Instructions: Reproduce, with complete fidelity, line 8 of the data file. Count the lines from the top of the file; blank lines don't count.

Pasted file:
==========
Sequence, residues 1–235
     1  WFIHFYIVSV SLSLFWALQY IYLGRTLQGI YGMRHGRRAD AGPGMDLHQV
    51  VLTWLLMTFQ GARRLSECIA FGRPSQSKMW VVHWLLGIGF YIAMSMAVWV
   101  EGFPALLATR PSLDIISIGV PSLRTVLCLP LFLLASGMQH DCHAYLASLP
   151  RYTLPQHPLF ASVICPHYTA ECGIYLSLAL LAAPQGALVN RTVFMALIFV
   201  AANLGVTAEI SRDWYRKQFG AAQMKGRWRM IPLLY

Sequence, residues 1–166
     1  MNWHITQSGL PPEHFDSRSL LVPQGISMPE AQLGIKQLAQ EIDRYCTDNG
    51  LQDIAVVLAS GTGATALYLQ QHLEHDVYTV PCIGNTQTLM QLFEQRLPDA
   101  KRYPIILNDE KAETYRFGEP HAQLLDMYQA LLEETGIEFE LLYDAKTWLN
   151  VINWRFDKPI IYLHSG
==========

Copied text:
     1  MNWHITQSGL PPEHFDSRSL LVPQGISMPE AQLGIKQLAQ EIDRYCTDNG